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To be sure, the Confederate States of America (1861 - 1865) left a very poor after taste in the collective mouths of many Northerners long after the fighting had stopped. This bitterness was intensified to a higher degree when Northerners considered that even as late as 1948, the entire region known as "Dixie" was tainted by lynchings and other assorted acts of Babylonian justice. The article on the right was written in the New York offices of COMMONWEAL MAGAZINE, where the Northern editors believed it to be highly improbable that President Truman's Committee on Civil Rights was ever likely to recognize any constitutional freedoms were being denied on racial grounds.

Here is the opening lines of President Truman’s Commission on Civil Rights – “To Secure These Rights” (October 29, 1947)
“In a democracy, each individual must have freedom to choose his friends and to control the pattern of his personal and family life. But we see nothing inconsistent between this freedom and a recognition of the truth that democracy also means that in going to school, working, participating in the political process, serving in the armed forces, enjoying government services in such fields and health and recreation, making use of transportation and other public accommodation facilities, and living in specific communities and neighborhoods, distinctions of race, color and creed have no place."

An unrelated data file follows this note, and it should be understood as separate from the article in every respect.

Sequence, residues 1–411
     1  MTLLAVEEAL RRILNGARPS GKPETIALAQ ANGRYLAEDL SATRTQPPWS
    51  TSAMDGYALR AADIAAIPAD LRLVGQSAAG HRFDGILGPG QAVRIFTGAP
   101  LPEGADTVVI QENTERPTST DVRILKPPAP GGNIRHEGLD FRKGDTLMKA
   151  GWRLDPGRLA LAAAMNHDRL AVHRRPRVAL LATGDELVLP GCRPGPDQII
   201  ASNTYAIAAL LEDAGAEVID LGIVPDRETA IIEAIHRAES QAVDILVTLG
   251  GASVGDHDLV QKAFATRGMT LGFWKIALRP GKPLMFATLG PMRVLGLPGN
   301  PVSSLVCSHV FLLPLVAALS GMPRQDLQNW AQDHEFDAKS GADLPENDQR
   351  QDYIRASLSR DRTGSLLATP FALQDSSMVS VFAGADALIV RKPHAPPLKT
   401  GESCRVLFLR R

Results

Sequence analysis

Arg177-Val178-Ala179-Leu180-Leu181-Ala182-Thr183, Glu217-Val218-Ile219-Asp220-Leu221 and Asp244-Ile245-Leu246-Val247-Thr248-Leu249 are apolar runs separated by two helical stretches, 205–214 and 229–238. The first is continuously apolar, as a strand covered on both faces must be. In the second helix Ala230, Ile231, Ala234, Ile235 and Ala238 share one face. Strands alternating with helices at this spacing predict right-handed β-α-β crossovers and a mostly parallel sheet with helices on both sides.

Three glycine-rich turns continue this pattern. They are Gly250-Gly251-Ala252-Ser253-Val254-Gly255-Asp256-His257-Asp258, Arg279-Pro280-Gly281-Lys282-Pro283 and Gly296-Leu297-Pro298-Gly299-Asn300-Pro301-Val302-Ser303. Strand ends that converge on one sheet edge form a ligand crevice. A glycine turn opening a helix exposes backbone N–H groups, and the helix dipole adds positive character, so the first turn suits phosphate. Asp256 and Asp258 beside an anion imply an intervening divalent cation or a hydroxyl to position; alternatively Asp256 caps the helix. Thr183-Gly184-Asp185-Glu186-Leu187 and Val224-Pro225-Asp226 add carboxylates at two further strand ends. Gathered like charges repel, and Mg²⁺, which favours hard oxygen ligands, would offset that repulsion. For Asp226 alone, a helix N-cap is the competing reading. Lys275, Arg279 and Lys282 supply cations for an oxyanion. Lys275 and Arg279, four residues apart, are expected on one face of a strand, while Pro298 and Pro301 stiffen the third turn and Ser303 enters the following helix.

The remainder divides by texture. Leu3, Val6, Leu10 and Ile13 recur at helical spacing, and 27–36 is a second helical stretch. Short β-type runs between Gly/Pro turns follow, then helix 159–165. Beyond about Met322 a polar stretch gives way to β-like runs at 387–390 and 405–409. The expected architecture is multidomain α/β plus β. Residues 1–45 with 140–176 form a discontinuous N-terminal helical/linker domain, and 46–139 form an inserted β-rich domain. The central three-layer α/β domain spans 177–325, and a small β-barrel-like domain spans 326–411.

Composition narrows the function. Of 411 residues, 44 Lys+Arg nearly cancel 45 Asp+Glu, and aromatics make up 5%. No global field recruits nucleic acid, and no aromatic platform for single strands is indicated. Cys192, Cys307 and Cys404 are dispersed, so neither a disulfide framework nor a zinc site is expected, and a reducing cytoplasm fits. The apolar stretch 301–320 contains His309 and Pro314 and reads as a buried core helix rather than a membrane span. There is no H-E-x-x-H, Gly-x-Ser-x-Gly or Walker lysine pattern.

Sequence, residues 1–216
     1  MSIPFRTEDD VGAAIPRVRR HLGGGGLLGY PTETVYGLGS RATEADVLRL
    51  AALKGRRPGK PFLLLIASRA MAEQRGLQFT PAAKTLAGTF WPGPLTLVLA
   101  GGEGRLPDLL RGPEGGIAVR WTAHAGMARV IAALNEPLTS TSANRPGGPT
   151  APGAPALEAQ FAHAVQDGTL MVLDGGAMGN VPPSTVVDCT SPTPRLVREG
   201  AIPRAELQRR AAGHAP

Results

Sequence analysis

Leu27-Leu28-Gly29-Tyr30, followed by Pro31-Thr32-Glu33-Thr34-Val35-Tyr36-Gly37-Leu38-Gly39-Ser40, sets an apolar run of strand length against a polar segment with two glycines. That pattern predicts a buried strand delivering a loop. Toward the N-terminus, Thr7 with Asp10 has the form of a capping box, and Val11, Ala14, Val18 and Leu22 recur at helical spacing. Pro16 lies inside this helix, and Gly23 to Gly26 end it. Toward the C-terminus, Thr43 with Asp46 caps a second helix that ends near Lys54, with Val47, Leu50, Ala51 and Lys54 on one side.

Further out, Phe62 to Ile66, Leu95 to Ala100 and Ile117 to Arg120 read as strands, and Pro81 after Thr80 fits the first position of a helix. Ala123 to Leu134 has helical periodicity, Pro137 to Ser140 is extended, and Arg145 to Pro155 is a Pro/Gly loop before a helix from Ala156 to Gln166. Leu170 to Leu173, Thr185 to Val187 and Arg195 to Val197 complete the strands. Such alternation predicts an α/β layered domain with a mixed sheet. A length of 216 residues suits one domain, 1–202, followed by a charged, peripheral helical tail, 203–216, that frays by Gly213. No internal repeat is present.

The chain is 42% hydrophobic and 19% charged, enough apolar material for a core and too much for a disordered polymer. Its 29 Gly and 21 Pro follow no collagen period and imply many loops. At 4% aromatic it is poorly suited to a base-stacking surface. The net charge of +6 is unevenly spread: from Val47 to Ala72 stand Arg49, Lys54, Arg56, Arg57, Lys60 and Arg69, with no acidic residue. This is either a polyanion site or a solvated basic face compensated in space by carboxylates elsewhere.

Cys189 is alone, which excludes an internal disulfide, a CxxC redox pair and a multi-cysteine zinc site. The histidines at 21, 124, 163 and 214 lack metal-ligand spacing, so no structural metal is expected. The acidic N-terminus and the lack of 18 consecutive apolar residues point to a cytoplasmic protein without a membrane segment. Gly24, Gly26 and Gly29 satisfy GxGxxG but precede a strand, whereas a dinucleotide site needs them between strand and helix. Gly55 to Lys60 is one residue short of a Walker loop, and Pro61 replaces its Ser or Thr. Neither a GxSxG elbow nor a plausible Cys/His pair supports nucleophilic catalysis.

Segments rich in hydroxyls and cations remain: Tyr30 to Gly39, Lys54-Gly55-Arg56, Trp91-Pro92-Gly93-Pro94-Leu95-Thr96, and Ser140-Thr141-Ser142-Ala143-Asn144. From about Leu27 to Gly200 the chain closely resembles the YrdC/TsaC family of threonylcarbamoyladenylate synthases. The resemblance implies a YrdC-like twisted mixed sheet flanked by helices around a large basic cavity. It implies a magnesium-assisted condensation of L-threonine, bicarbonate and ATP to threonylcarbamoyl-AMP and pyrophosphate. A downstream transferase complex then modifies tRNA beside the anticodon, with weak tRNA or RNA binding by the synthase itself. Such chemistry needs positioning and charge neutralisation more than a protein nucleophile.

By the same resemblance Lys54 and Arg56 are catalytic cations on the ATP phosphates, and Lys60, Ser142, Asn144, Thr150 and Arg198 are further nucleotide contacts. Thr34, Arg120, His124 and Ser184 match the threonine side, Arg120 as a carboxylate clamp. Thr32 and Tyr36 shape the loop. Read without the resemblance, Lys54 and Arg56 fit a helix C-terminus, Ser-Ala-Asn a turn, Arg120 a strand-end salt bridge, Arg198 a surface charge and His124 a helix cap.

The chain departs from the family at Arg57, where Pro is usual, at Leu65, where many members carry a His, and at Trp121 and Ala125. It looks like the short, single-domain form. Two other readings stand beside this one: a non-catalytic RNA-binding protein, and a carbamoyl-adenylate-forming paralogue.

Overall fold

More information on this committee can be found on the Truman Library website.

Four years later an article was written about the gratitude many African-Americans felt toward President Truman and his stand on civil rights - read it here...

Click here to read a history of African-Americans between the years 1619 through 1939.


President Truman and Civil Rights (Commonweal, 1948)

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